Tradition in Greece

In Greece, old and new (modern) cultural elements, local and foreign elements are combined and reflected in tradition and its propagation. Regionally, many different traditions can be discerned. First, there are traditions traceable to the same basis and variations. On the other hand, there are still preserved, regionally specific traditions, found only in specific or certain regions.

Traditional and "living" traditions and customs can be found everywhere in Greece. In general, each region (sometimes sub-regions) has its own costumes. The men's skirt "fustanella" is a traditional garment that was worn until the end of the 19th century in Greece. Gradually, the pleated skirt was replaced by pants. The fustanella has served since 1974 as a military uniform of the Presidential Guard. As a costume for festivals, the fustanella is worn especially in the regions of Epirus, Thessaly, Central Greece and the Peloponnese. But tradition does not stop at costumes: every region and every "tribe" in Greece is recognizable by their dances. Over 4,000 Greek dances have been handed down in time, danced by all age groups, especially at certain festivals. The musical accompaniment is often provided by handcrafted instruments and songs, differing by region.

A major highlight in some regions of Greece is the carnival, which also marks the initiation of Lent at Easter. The stronghold of the Greek carnival is the city of Patras in the Peloponnese, with the carnival celebrations directly linked to the ancient Dionysus rites. The biggest Greek carnival consists of street parades and theater performances, balls and a huge party that covers the entire city. The carnival is also celebrated in Xanthi, where folk elements of various ethnic groups are united, taking into account the city’s multicultural aspects.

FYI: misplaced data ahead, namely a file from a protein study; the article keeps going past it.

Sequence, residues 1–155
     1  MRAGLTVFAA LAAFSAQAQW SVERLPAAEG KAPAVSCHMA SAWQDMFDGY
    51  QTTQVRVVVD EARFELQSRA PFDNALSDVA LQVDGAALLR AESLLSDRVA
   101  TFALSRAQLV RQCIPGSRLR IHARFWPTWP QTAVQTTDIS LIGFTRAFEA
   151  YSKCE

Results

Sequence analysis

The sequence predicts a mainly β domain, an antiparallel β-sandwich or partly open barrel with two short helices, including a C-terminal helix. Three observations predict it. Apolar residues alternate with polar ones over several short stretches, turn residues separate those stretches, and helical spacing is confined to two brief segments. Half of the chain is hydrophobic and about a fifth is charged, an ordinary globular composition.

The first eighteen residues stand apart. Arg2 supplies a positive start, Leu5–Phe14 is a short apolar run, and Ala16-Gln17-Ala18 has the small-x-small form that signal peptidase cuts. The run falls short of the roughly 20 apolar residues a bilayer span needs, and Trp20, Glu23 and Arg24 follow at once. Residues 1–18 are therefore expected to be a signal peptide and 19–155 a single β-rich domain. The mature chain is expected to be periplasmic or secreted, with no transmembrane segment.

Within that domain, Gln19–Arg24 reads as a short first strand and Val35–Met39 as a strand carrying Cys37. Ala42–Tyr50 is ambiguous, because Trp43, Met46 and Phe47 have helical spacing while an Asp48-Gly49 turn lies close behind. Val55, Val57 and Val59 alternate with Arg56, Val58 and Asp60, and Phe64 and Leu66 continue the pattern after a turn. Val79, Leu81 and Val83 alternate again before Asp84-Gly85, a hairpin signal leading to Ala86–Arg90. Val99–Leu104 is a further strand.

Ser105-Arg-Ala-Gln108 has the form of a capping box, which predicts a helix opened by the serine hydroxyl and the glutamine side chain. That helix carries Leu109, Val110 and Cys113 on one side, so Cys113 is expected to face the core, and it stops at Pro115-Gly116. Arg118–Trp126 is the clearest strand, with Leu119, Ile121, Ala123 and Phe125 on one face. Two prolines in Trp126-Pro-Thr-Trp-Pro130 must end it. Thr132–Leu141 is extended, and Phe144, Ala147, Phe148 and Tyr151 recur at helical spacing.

Traditions of the most important religious festivals can be experienced throughout Greece. Whether it is food, pastries or traditional Christmas and New Year celebrations, these customs have evolved over many centuries and are still preserved today with subtle regional differences. For example, each day of the Holy Week hosts its own custom: on Easter Thursday, the red Easter eggs are dyed; the red color symbolizes the blood of Jesus Christ and his rebirth. In Patmos, the presumed place where John’s Revelation was written, making it one of the most important sites of the Greek Orthodox Church, the Last Supper of Jesus is presented during Mass.

The immigration of other ethnic groups and contact with other cultural influences has transformed Greece into a diverse and colorful mosaic, in which there are many different traditions, customs and manners to discover in every respect: on national and religious holidays, through local and regional cuisines, dances and music, art and architecture, costumes and dialects.